Which approach ends up being more popular may depend on timing; if it’s still unclear which patients are good candidates for trabecular bypass when a suprachoroidal device is approved, surgeons may be inclined to move in that direction. On the other hand, my personal belief is that taking advantage of the physiological outflow pathway through the trabecular meshwork makes the most sense. With the possible addition of a single medication, I think it’s a great first-line surgical procedure, at least in patients for whom I think it will work.

In order for “MIGS and meds” to work in the long run, we will definitely need to become better at visualizing the canal and collector channels so we can readily identify patients who are the best candidates. In the meantime, using more than one stent, or a new device like the Hydrus, will help surgeons ensure that bypassing the trabecular meshwork provides as much pressure relief as possible. With the addition of a single medication, even challenging patients should be able to reach our target pressures. REVIEW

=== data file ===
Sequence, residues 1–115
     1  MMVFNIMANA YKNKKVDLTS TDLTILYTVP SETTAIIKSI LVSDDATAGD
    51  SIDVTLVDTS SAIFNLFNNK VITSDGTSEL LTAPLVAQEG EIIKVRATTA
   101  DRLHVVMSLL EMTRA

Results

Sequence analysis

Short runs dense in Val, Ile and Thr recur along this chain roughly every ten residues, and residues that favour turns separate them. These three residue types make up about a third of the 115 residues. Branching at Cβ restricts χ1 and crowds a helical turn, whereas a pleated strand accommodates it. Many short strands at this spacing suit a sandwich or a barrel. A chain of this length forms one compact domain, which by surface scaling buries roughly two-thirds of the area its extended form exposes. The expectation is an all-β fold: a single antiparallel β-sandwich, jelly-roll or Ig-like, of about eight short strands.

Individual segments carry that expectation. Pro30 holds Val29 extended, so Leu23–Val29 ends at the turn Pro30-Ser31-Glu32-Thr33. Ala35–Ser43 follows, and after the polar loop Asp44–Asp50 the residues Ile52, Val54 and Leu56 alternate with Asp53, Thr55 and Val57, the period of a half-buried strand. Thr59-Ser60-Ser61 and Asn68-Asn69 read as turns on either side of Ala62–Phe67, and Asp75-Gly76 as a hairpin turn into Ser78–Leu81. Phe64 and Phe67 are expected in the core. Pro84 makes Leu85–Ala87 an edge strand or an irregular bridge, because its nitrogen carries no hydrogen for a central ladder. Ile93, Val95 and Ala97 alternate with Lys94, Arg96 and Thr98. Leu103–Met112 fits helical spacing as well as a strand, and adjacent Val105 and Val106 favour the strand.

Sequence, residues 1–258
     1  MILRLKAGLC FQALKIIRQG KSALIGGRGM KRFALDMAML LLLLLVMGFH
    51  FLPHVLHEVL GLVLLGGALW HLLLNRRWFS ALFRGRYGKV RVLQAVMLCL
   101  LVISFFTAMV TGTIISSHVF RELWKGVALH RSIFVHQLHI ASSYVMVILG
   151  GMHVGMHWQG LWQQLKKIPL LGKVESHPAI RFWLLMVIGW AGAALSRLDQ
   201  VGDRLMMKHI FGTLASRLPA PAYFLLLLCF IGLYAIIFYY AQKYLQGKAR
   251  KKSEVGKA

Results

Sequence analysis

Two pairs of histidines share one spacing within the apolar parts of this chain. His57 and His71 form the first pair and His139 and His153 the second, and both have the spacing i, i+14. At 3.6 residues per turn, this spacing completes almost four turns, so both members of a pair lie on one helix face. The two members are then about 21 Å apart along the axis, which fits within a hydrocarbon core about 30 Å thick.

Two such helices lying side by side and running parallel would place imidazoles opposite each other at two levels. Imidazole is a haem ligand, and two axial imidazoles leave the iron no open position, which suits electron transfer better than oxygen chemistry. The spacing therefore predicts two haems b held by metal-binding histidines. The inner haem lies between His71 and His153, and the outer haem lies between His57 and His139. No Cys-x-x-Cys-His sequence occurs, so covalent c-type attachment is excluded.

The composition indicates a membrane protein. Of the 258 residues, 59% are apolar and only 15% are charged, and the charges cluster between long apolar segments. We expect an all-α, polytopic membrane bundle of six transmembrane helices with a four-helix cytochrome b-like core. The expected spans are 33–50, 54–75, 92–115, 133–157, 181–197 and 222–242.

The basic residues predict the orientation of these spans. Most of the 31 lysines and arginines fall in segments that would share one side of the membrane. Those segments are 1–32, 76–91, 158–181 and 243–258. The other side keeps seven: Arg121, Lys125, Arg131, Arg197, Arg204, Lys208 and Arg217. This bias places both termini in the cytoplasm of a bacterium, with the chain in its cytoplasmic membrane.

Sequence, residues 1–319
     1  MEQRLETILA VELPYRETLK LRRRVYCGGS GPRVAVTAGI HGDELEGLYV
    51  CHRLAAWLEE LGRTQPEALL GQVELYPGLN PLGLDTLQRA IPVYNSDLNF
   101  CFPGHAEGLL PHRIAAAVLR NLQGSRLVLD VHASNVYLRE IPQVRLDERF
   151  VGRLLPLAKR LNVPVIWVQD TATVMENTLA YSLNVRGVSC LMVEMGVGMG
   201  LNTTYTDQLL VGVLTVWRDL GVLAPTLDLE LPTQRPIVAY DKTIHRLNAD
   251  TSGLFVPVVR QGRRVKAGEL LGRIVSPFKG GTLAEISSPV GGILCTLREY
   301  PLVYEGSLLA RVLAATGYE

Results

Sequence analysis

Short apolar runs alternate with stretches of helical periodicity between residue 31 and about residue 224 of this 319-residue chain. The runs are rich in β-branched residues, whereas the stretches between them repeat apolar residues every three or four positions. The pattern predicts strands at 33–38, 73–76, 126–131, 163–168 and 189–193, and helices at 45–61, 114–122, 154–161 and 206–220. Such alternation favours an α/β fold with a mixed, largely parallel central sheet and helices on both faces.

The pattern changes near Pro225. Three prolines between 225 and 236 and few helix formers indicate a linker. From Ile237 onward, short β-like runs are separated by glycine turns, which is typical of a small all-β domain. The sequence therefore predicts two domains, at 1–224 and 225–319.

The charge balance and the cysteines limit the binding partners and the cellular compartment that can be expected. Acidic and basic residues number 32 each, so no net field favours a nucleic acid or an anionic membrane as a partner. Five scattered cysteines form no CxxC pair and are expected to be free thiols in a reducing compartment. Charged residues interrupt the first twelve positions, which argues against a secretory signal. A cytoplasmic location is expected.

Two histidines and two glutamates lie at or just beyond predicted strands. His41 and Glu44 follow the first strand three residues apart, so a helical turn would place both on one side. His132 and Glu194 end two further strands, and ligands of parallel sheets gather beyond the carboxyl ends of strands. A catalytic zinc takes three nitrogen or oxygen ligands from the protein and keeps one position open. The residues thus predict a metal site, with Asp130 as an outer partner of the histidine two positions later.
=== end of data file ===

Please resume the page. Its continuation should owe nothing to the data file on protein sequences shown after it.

In my experience, patients who have gone down this path are far happier than those with trabeculectomies or tube shunts—and that’s not a bad definition of success.  

Dr. Craven is an associate professor at Johns Hopkins University and chief of glaucoma at King Khaled Eye Specialist Hospital in Riyadh, Saudi Arabia. He is a consultant to Allergan, Alcon, Aerie, Transcend and Ivantis.

1. Brown RH, Gibson Z, Zhong L, Lynch MG. Intraocular pressure reduction after cataract surgery with implantation of a trabecular microbypass device. J Cataract Refract Surg 2015;41:6:1318-9.
2. Fea AM, Belda JI, Rekas M, Junemann A, Chang L, Pablo L, et al. Prospective unmasked randomized evaluation of the iStent inject versus two ocular hypotensive agents in patients with primary open-angle glaucoma. Clin Ophthalmol 2014;8:875-82.
3. Pfeiffer N, Garcia-Feijoo J, Martinez-de-la-Casa JM, Larrosa JM, Fea A, Lemij H, et al. A randomized trial of a Schlemm’s canal microstent with phacoemulsification for reducing intraocular pressure in open-angle glaucoma. Ophthalmology 2015;122:7:1283-93.
4. Ahmed, II, Katz LJ, Chang DF, Donnenfeld ED, Solomon KD, Voskanyan L, et al. Prospective evaluation of microinvasive glaucoma surgery with trabecular microbypass stents and prostaglandin in open-angle glaucoma. J Cataract Refract Surg 2014;40:8:1295-300.